|Two of the NOAA radars used in MWISP.|
|Seated on the radar trailer are, left to right, Robert Kropfli, Carroll Campbell, Roger Reinking (all NOAA); standing, left to right, Duane Hazan, Michelle Ryan, Bruce Bartram (all NOAA), and Marcia Politovich (NCAR). (Photos by Bob Henson.)|
Researchers from several institutions spent most of April working at the Northeast's highest, coldest, and windiest peak. The Mt. Washington Icing Sensor Project (MWISP) tested methods for remote sensing and improved prediction of in-flight icing conditions, particularly freezing drizzle and freezing rain, which can down aircraft.
MWISP was the largest field program ever conducted on New Hampshire's Mt. Washington, where some of the first research on icing began in the 1930s. During April, the summit--best known for its high winds--is typically enclosed in clouds over 60% of the time. "It's a wonderful late-winter, early-spring cloud lab," says NCAR's Marcia Politovich (Research Applications Program). She joined Charles Ryerson (U.S. Army Cold Regions Research and Engineering Laboratory, or CRREL) and Kenneth Rancourt (Mount Washington Observatory, or MWO) in leading the field campaign.
During mid-April, the peak saw prolonged snow and cold, with winds gusting above 160 kilometers per hour (100 miles per hour). "The fast-moving clouds provided constantly changing conditions that were a challenge for the radars to track," says Politovich. The researchers found "very dynamic features, even in clouds that were pretty uniform visually." The month ended with ten intensive study days.
The group hopes to be publishing early results from Mt. Washington by this fall. "This is a very rich data set, and we'll be working on it in one form or another for several years," she says.
The goal of MWISP is to improve in-flight icing detection, mainly from remote sensors, and to improve forecasts issued by computer models. Pilot reports can be used for long-term, large-scale comparisons with a model. However, "To get down to smaller scales, like the terminal areas around airports, we need measurements with more detail than just the pilots' 'yes' or 'no' for icing," says Politovich. Better icing-prediction software is expected to become part of the weather research and forecasting model (see Weather Research and Forecasting Model ).
Remote sensors at MWISP included a five-channel, fully polarimetric radiometer at the summit that sensed radiation emitted by clouds. Another set of instruments was located near Bretton Woods, a few miles west of the peak. These included X-, K-, and W-band radars; a lidar; and a second multichannel radiometer. Balloon-borne instruments were launched from various points by a mobile unit from NCAR. Plymouth State and Lyndon State colleges provided weather forecasts (see How Unidata helps small schools tackle big projects ).
The NASA Glenn Research Center flew its Twin Otter aircraft through clouds above the peak to help document the uniformity in time and space of summit-cloaking clouds. Scientists from NCAR, NOAA, CRREL, and Quadrant Engineering analyzed data from remote sensors and compared the results with on-site measurements from the summit and aircraft.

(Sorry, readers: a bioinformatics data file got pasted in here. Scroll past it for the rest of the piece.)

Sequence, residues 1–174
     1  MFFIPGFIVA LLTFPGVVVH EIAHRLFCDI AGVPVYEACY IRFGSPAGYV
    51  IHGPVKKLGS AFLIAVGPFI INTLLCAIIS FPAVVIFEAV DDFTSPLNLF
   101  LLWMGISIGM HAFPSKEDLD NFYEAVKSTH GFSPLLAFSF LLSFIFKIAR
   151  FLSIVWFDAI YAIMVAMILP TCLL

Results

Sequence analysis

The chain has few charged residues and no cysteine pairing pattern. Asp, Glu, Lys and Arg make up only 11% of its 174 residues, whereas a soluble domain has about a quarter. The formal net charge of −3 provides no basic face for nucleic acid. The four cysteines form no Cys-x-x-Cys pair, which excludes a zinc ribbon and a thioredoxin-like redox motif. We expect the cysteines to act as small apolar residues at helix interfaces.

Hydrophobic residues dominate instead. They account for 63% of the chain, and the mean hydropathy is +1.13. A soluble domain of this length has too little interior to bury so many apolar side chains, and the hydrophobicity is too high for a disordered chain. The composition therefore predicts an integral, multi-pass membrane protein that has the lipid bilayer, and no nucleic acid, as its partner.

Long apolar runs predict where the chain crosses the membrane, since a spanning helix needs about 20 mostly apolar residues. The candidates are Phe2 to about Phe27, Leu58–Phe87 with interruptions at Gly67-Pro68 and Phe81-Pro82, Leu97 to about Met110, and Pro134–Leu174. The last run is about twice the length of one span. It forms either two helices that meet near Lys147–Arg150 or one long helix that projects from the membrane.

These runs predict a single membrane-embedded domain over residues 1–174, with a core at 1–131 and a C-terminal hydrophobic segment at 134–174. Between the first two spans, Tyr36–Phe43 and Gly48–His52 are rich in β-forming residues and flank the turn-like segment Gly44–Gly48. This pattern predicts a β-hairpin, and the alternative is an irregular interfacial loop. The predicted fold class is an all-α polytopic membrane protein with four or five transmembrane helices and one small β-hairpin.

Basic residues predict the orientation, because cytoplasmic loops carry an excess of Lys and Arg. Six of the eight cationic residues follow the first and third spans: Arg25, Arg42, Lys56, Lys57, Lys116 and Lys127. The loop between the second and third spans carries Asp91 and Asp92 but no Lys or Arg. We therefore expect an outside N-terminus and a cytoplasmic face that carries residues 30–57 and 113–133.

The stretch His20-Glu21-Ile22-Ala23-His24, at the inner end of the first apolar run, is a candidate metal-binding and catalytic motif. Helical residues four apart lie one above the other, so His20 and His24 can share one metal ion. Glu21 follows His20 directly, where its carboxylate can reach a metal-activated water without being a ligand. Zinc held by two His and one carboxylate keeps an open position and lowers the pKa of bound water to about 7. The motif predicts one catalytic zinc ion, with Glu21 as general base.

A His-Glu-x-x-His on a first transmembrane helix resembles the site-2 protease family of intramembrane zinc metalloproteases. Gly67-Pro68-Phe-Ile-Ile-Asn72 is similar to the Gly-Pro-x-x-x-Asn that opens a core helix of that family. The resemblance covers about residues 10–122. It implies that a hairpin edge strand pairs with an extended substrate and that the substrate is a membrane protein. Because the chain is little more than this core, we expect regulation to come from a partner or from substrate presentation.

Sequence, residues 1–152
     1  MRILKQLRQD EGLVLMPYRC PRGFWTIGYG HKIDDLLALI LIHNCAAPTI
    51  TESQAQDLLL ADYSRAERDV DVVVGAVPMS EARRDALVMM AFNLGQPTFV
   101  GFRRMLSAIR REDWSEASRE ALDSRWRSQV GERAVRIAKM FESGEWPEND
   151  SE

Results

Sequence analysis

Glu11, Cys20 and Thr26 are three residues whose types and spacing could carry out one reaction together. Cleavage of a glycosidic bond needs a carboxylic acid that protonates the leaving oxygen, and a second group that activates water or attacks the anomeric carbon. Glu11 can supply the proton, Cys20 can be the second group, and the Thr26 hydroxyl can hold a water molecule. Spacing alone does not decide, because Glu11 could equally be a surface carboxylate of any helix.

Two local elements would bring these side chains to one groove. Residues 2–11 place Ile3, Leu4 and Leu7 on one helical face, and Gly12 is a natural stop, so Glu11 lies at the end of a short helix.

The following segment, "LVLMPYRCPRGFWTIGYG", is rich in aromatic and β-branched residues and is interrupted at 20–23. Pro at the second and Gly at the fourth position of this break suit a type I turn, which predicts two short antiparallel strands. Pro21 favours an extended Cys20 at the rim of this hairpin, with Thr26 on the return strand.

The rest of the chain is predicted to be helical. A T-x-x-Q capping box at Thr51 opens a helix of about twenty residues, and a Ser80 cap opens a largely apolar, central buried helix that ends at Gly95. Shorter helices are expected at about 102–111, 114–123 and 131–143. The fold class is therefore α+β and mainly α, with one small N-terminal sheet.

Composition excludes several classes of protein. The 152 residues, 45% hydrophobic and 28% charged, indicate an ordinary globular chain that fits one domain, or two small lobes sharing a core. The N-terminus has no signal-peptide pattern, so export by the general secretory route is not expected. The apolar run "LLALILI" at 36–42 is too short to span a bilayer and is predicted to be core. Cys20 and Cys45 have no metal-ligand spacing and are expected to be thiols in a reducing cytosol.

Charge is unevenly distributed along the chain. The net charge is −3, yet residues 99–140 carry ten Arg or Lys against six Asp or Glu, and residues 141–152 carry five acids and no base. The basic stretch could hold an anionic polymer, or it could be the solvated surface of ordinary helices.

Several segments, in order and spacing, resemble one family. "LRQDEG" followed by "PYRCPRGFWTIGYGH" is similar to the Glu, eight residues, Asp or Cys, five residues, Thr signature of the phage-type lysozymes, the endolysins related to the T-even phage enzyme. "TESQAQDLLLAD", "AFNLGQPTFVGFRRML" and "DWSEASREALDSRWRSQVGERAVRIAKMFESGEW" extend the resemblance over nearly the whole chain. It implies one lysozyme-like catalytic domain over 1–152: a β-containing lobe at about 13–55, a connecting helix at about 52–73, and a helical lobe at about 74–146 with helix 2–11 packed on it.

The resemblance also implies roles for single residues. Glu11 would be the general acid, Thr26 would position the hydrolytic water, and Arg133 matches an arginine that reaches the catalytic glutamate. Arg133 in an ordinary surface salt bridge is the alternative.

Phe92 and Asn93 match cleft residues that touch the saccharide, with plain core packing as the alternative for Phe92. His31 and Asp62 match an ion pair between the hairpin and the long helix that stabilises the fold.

A previous set of WISP experiments took place across northeast Colorado in the early 1990s. However, few tests had been done on supercooled clouds with relatively high liquid-water content, rare across Colorado but more common in the Northeast. Because of this geographical bias, says Politovich, "This is one of the first documentations of the effect of freezing rain on flight over an extended period." According to NCAR scientist Ben Bernstein (Research Applications Program), "Much of the research and development of operational forecast tools on supercooled drops has focused on freezing drizzle and ignored freezing rain." Bernstein has analyzed a case from February 1998 in which the same NASA Twin Otter aircraft now flying in MWISP suffered over 90 minutes of exposure to freezing rain above the Midwest. The result was a major degradation of the plane's performance, including an increase in drag of up to 200%.
The U.S. Army's participation in MWISP through CRREL stems in part from the huge number of Army helicopters and other aircraft vulnerable to weather. "The Army has the largest fleet of airborne vehicles in the military," notes Ryerson. Although airport weather safety has increased in recent years, he adds, "helicopters don't use airports." CRREL has joined NASA and the Federal Aviation Administration (FAA), along with scientists at NCAR and elsewhere, for an ambitious ten-year program to develop an in-flight safety system that addresses icing, wind shear, and thunderstorms. The next collaborative icing study is being planned near Ottawa, Canada, for next winter, with participation from that nation's Atmospheric Environment Service. And "we are thinking of going back [to Mt. Washington] in two years," Politovitch says. "That gives us time to analyze the data, see what different or new instruments to deploy, and do some more homework."
MWISP was funded largely by the FAA and NASA, along with CRREL and MWO. Providing instruments were NCAR; NOAA's Environmental Technology Laboratory; the University of Massachusetts; the Defense Research Establishment at Val Cartier, Canada; ATEK Data Corporation; and Stratton Park Engineering.